Organized religion played a major role in the settling of Illinois and continues to influence the culture of our region. We enjoy highlighting places of worship, one in the country and one in the city, in each issue.
Country Church: Hilltop Community Church • Est. 1867
101 S. Jackson St., Albany, Wis., (608) 862-3790
The people of this outgoing and lively congregation in southern Wisconsin definitely care about their community and their neighbors across the world.
Founded in 1867 as a non-denominational Christian congregation, church members live in Albany, Monroe, Brodhead, Janesville, Beloit and other surrounding communities.
The congregation serves its neighbors in need around the globe by sending supplies to Saint Lucia, Madagascar, Tanzania and other places.
The church also supports Family Promise of Green County, which helps to transform the lives of homeless families by providing three meals a day, social support from volunteers and overnight accommodations, among other things.
If a member of the church is in a nursing home or is a shut- in, church members create cheer boxes for them. The boxes may include Kleenex, a small gift item, lip balm, word puzzles or playing cards, among other things.
Visitors are always welcome at the church and won’t feel out of place if they don’t dress up, because at this church, the attire is casual.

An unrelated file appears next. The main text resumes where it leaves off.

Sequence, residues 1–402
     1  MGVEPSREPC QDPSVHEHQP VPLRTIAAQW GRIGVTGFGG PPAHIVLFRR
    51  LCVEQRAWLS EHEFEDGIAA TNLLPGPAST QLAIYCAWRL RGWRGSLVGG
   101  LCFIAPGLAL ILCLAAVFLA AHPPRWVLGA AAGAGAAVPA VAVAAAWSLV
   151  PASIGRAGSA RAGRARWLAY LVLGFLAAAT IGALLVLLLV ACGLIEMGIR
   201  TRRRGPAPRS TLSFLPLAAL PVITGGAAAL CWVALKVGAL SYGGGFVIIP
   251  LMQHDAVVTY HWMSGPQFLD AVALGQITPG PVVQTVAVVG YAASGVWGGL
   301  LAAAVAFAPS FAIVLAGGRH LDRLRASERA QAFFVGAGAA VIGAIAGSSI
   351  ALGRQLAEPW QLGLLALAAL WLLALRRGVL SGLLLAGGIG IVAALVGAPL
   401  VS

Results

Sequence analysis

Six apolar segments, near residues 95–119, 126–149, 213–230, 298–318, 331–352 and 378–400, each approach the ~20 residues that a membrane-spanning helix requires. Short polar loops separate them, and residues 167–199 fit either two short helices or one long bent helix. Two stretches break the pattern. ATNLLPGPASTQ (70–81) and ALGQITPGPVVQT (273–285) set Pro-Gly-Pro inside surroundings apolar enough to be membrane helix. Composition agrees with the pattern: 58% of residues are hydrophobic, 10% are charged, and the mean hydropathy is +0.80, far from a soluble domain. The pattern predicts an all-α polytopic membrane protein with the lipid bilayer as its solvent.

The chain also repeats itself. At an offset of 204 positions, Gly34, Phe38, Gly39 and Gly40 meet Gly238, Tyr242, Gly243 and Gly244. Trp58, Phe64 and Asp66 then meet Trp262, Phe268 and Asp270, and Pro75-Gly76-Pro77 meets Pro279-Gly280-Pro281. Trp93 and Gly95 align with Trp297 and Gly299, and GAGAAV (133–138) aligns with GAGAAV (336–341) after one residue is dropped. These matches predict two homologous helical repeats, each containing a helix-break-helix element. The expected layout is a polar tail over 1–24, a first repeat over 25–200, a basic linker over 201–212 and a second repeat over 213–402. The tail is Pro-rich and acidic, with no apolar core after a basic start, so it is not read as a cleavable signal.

Services are traditional, with scripture readings, prayer time and congregational singing.
An adult Bible study takes place at 9 a.m. Sunday mornings, and Pastor Ray Jewell leads a worship celebration beginning at 10 a.m.
Children’s Sunday school takes place at 9 a.m.
City Church: St. Paul’s Episcopal Church • Est. 1850
900 Normal Road, DeKalb, Ill. (815) 756-4888, stpaulsdekalb.org
Some people believe this uniquely shaped church looks like a stylized barn silo, due to the agricultural history of the area, while others see it as an upside down ship or ark.
There are some who also view it as a covered bridge, with the portals leading to the altar of God. This is what architects had in mind, according to the perish history books.
No matter how you see it, St. Paul’s Episcopal Church in DeKalb got its start in the 1850s. The first building was created in 1881 and the current church, which was built in 1967, is the church’s third building. It’s footsteps away from Northern Illinois University.
In 2000, a fellowship hall was built on the southeast side of the church. It came equipped with a kitchen, large gathering room, a nursery and parish offices, among other things.
This may be a small congregation, but it plays a large role in the community.
The church puts on an annual lobster boil and, as part of the decades-long tradition, donates half of the proceeds to local charities that help those in need, including Hope Haven and Safe Passage.
The congregation also plays a role in helping those in need during the holiday season. Among other things, church members help organize and collect food for Thanksgiving food baskets, in coordination with the Salvation Army.
The church holds an adult Bible study Sunday mornings at 9:15 a.m. A holy Eucharist takes place at 10:30 a.m.
From September to May, a children’s Sunday school is offered at 9:30 a.m.